Legatus’ third chapter in New Jersey — the seventh in the New York City metro — the Newark Chapter chartered officially on the brisk evening of Wednesday, October 24 with 21 founding members. With enthusiasm high for Legatus throughout the central Northeast region, Newark is the region’s fifth new Legatus chapter to form in the last three years (since December 2015). All five of the latest Northeast chapters each attained their chartering threshold in under 10 months.

Beginning with rosary and Confession at Our Lady of Mount Carmel Church in Ridgewood, NJ, followed by the opening Mass celebrated by founding chaplain Fr. Bob Stagg, new members were each officially congratulated and photographed with Legatus founder and chairman, Thomas S. Monaghan, during the twilight induction ceremony.

A hearty celebratory reception and dinner followed at nearby Roots Steakhouse, featuring autumn hors d’oeuvres, specialty cocktails, gourmet entrees of chicken, fish and filet, finalized with sumptuous carrot cake. Then Mr. Monaghan began his cozy Fireside Chat with the group, welcoming new Legates’ questions and comments and engaging each personally. This is at the heart of Legatus – camaraderie and comfort at the intersection of business and faith.

The Newark Chapter actually began taking shape in late 2016. Longtime Legatus members Brian and Janine Deane told Northeast Regional Director John Knowles of their desire for a chapter closer to home in far northeastern New Jersey, within their own archdiocese. Previously they’d been driving over an hour each way to attend Legatus meetings. So when Joseph Cardinal Tobin became bishop of Newark in early 2017, Knowles began a dialogue with him and ultimately received His Eminence’s blessing to launch a new chapter there.

After a strategy meeting with the Cardinal in summer 2017, it was agreed that Fr. Bob Stagg, Pastor of Presentation Church in Upper Saddle River – one of New Jersey’s largest and most active parishes – would serve as the Chapter’s founding chaplain.

The fast-developing Chapter held continued meetings in 2017 and ‘18, attracting new members at a rapid pace.

“Northeast Chapter development officer Matthew Keeny worked this year with Newark founding members Mario and Sue Costabile in rallying even more founding members,” said Knowles. “Fr. Stagg and Deacon Andy Zucaro, another founding member, celebrated memorable Masses for the new developing chapter, and always maintained a high spiritual focus at our formation meetings.”

Newark’s founding president, Lewis “Sweet Lew” Mulvaney, said he was drawn to Legatus because he found its members to be spiritual and sincere. “That’s important for a Catholic longtime businessperson.” Mulvaney says he aims to spread the ‘hope of the Catholic message’ not only to his chapter, but to whomever he encounters having questions about the faith.

The following evening on October 25, the new 21-member San Francisco Chapter met in the crisp, sunny late-afternoon for rosary, Confession, and opening Mass at St. Dunstan Parish in Millbrae. The special-occasion Mass was concelebrated by His Excellency Salvatore J. Cordileone, Archbishop of San Francisco; Auxiliary Bishop Robert Christian; and Fr. Anthony Giampietro – who had worked as chaplain with the Chapter during its formation years. The Archdiocese’s new Benedict XVI choir enhanced the Mass with soaring, traditional hymns throughout, with classical organ accompaniment. The Benedict XVI choir has been part of the Archbishop’s initiative to reintroduce sacred music back into the Mass.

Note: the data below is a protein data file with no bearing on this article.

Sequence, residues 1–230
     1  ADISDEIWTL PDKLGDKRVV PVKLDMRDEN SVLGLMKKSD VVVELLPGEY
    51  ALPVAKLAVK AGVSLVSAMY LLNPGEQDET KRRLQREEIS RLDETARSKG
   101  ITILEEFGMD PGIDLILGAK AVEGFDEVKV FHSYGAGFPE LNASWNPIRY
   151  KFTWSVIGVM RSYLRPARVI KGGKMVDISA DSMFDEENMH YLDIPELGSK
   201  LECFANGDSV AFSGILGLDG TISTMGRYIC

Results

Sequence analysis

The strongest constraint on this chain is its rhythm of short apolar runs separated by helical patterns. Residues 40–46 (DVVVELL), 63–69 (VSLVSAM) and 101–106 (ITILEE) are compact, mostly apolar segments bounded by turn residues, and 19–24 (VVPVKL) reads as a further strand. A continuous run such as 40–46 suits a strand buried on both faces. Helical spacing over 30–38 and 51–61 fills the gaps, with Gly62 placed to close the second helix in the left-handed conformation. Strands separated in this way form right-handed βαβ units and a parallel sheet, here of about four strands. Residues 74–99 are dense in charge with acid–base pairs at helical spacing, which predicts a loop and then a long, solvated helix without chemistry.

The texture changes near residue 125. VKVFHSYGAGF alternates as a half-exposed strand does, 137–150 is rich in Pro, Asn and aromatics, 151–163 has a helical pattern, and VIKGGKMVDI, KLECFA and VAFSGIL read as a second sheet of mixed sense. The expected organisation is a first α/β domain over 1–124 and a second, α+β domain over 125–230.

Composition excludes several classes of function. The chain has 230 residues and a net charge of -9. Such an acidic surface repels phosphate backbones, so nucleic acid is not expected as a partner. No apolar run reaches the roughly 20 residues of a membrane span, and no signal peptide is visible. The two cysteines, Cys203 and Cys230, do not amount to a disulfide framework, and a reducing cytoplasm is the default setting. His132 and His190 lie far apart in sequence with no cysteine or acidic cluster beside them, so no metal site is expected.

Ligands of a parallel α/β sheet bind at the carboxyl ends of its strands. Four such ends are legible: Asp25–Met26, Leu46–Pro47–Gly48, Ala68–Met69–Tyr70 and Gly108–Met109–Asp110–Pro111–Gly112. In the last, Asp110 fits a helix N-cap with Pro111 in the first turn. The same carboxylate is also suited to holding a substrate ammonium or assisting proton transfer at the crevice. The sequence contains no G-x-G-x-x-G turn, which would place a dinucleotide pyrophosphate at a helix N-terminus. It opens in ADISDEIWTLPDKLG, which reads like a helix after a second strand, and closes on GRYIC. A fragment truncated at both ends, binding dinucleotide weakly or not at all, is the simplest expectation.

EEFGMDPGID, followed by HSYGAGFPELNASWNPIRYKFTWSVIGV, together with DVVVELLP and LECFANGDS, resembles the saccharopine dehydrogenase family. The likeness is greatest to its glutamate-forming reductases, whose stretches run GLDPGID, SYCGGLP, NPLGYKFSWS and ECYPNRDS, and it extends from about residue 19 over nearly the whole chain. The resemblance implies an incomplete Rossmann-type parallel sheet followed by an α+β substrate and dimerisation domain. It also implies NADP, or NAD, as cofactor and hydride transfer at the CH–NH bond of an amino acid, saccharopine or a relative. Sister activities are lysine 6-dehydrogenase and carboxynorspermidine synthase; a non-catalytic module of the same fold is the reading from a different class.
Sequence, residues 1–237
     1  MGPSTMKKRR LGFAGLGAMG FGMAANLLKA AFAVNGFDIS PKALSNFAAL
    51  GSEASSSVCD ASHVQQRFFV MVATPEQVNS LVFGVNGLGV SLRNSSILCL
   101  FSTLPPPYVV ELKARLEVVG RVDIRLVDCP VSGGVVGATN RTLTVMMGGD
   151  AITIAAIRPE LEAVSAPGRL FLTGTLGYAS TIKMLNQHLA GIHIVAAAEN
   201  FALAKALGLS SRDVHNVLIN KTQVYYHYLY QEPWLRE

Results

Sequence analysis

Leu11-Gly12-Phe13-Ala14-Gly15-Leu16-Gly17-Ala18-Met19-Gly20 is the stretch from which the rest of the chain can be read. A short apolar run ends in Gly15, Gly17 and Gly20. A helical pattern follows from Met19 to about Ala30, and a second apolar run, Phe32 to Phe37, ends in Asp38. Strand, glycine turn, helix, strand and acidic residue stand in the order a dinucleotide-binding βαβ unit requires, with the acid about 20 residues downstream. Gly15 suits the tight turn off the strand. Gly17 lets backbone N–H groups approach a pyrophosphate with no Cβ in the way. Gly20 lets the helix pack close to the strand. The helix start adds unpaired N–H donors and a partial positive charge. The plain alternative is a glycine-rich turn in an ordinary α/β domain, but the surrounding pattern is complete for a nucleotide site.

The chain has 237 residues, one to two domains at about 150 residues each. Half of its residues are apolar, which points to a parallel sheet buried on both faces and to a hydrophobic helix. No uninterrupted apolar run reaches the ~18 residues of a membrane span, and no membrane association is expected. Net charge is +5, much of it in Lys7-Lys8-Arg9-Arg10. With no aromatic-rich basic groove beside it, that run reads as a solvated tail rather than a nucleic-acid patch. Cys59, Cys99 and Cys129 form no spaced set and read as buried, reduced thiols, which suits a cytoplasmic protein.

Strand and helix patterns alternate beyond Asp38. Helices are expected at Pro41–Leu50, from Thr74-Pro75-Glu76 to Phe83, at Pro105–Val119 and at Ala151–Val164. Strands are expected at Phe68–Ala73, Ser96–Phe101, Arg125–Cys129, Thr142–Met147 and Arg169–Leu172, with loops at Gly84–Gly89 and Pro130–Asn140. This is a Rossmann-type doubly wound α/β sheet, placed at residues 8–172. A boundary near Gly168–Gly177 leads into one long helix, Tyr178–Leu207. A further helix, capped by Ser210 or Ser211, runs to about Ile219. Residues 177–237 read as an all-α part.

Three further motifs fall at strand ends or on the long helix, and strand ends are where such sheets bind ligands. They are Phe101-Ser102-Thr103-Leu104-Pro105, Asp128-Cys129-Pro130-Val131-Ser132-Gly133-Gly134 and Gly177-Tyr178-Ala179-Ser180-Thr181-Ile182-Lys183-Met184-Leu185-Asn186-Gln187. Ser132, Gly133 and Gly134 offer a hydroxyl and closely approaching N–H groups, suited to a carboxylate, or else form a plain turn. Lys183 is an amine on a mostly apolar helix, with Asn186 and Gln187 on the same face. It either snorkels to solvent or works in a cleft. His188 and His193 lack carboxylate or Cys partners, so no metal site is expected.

Immediately following was a black-tie gathering at the exclusive Green Hills Country Club in Millbrae, CA, approximately 20 miles south of the city. White-gloved servers delighted Legates at the opening reception/cocktail hour with special hot and cold passed hors d’oeuvres. Mr. Monaghan personally signed copies of his recent biography, Monaghan: A Life, as he greeted new members in the adjacent Fireside Room. The grand dinner event, flanked with chairs in white ‘dresses’ with black bows, featured cedar-plank smoked salmon and filet mignon, with a dessert finale of sacher torte. And the evening capped off with the much-anticipated, personalized Fireside Chat between Mr. Monaghan and his newest family of Legatus members.

West Regional Director Ty Soto, says, “The new San Francisco Chapter is really a much-needed ‘shining light’ right now, in the midst of a very anti-faith, anti-Catholic culture.” It is the West Region’s 16th Legatus chapter.

San Francisco Chapter president Dan Vogl was among the earliest founding members of the Chapter beginning in 2015. He saw it as critical that successful Catholics also openly embrace their faith.

“Most business leaders and executives I meet keep their faith hidden,” Vogl says. “Many older businesspeople seem to be tired, and not willing to commit to what they perceive as another financial and time commitment. But even some younger businesspeople that I have encountered fear the perceived consequence of mixing business with religion.”

But Vogl added, “The great news is that those who have joined the new chapter have all expressed that it has been a blessing and answer to their prayers.” Each new member was also presented with a special rosary, made of Italian silver-oxidized blood-red crystal beads, featuring a red enameled Cross and St. Michael centerpiece.

CHRISTINE VALENTINE-OWSIK is Legatus magazine’s editor.

Christ’s gift of purity at Christmas

In these days of turmoil within the Roman Catholic Church – on whether longtime doctrine should stand, or priests should remain celibate, or obedience should extend to certain apostate shepherds, or select traditions should be “relaxed” or set aside – there’s a simple but often overlooked reality in the Holy Family.